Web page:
Connecticut Home Sales Rise In May While Prices Continue Climb

by Categorized: Residential Real Estate Reports Date:

Connecticut home sales rose in May — for the first time in four months — and prices continued a steady march upward, a trend that is expected to extend through the summer, a new report today shows.

Sales of single-family houses rose nearly three percent, to 2,356 from 2,290 for the same month a year ago, according to the report from the Warren Group. Through the first five months of this year, sales are down about two percent.

The level of sales is the highest recorded for the month of May since 2010.

The median sale price — where half the sales are above, half below — jumped more than 8 percent, to $268,500, from $248,000 a year ago.

“We’re expecting home sales to continue to rise on a year-over-year basis this summer,” said Timothy M. Warren Jr., The Warren Group’s chief executive. “Median prices have increases for eight straight months and show no signs of slowing.”

In May, three of the state’s eight counties — Fairfield, Windham and Litchfield — saw an increase in both sales of single-family houses and the median price. One county, Tolland, saw a decline in both measures.

In Hartford County, sales in May fell 7.6 percent, to 562, from 608 for the same month a year ago. The median price rose 4.8 percent, to $224,450 from $214,250 in May, 2012.

An improved economy, higher consumer confidence and a tight inventory are contributing to the overall surge in median prices. But Warren said he is concerned about price increases getting too far ahead of sales, which could price too many potential buyers out of the market before a sustained housing recovery in the state is established.

“It’s concerning to see prices rise at this rapid rate,” Warren said. “Pent-up demand for homes from buyers who postponed their purchase plans is driving up prices. Consumers are rushing to buy before prices and interest rates get too high.”

Last week, the average 30-year, fixed-rate mortgage umped to 4.46 percent, from 3.93 percent a week earlier. The rate, as tracked by Freddie Mac, was at the highest level since July, 2011. The increase was the biggest jump since April, 1987.

The median sale price of single-family houses in Connecticut up 9 percent through May, compared with the same period last year. But Warren said he is not worried about a housing bubble forming “unless the rate accelerates and continues for another two years.”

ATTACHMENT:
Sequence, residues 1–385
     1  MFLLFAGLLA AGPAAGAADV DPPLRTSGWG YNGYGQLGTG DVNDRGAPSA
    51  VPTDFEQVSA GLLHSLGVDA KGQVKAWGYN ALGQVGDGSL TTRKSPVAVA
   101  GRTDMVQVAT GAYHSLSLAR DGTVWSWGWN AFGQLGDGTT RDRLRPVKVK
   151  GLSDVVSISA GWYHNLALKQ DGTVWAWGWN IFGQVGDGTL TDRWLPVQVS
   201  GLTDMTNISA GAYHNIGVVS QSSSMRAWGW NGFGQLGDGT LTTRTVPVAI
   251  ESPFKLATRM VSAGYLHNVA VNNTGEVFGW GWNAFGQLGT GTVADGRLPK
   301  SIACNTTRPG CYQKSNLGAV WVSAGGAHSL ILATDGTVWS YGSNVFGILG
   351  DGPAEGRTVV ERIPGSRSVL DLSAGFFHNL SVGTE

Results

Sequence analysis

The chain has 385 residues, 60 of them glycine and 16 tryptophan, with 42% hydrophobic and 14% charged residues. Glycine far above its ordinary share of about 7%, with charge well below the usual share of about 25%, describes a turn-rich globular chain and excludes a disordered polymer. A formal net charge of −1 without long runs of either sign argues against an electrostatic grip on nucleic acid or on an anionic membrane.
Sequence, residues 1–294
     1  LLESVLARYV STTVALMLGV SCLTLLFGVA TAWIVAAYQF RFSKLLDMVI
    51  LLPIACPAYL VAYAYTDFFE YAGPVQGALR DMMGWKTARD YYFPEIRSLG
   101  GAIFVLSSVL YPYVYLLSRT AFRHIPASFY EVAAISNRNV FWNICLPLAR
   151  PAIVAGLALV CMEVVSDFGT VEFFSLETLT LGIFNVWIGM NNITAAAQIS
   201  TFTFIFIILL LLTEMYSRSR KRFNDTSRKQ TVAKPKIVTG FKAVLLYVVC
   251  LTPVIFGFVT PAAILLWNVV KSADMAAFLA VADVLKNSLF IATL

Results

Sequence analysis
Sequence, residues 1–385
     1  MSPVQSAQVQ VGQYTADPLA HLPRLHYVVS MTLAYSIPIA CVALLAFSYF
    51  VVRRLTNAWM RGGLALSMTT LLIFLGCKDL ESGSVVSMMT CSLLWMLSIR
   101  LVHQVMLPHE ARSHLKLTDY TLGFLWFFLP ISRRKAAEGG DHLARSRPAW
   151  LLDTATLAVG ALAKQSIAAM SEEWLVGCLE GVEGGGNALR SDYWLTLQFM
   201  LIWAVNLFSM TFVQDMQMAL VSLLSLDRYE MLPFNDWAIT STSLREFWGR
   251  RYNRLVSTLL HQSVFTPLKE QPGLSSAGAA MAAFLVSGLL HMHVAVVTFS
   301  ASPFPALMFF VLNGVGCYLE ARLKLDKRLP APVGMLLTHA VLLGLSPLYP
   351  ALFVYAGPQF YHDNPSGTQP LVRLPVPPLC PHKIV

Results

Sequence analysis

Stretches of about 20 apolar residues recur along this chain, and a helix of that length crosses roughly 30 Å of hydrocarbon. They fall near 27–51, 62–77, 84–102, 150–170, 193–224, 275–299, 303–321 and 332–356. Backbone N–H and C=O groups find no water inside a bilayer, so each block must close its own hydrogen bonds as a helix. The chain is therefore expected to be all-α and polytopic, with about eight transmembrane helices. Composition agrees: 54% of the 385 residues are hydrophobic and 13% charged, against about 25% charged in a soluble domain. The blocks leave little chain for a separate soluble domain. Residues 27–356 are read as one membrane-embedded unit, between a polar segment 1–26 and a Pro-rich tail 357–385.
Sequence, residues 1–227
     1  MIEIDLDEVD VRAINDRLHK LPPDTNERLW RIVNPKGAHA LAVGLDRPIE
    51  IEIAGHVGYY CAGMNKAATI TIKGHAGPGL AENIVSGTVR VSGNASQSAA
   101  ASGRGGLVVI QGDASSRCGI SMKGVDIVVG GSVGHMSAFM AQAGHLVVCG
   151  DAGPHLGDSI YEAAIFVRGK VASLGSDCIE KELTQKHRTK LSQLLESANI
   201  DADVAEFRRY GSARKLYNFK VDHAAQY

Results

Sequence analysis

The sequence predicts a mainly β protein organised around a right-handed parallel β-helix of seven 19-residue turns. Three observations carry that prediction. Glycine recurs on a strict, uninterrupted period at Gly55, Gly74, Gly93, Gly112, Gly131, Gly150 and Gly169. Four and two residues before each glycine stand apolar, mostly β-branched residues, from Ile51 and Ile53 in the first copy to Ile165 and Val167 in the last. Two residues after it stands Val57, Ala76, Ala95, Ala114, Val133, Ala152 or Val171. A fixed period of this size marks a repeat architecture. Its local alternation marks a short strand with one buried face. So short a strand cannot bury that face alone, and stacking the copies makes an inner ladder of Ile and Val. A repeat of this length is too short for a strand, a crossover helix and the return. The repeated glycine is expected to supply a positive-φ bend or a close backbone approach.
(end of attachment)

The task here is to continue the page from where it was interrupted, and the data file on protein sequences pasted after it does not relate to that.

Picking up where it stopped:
The rise in the median does not necessarily mean that all home prices are rising, however. While there are bidding wars that are pushing up purchase prices, some properties are sitting and owners are reducing asking prices, agents say.



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8 thoughts on “Connecticut Home Sales Rise In May While Prices Continue Climb

  1. John Steel

    Home prices are not rising – the median price of homes sold is. That is simply a reflection of fewer foreclosures and more higher priced homes coming on the market. Anyone who has tried listing their home can tell you the truth – values continue to plummet in much of Connecticut as residents attempt to flee.

  2. pete

    John is 100% correct. Don Imus recently sold his house in Westport for $14.4 million. You wanna bet a bunch of these sales raises the median. CT is dying a slow death while DANNY BOY sucks up to obama seeking that federal judgeship. The workers once retired are leaving in droves and leaving behind the takers. In 20 years there will only be public employees and welfare takes in CT

  3. Patrick

    I’m not so sure it’s because people are flocking to leave the state. I know a few friends who’ve had a hard time buying a home because the prices have gone up in the past year, especially in the entry level market. They’ve been outbid by other people b/c inventory is pretty low and demand for homes under 500K is picking up. I’m sure certain towns(like Glastonbury, West Hartford, Farmington) the market is stronger due to demand for good schools, close to shopping, etc.

  4. alison

    If you check zillow and trulia, prices are still going down at least in the Hamden area

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  7. John Steel

    Before you buy into this nonsense – Go look at where page after page of listings are dominated by a little green arrow pointing downward. That arrow indicates the price has been reduced. Or check out the excellent Raveis website where the amount prices are lowered is shown. Even in “hot” addresses such as Westport every other property listed shows 10% and greater reductions in price. The real estate industry is trying to whip up a buying frenzy. Don’t get burned.

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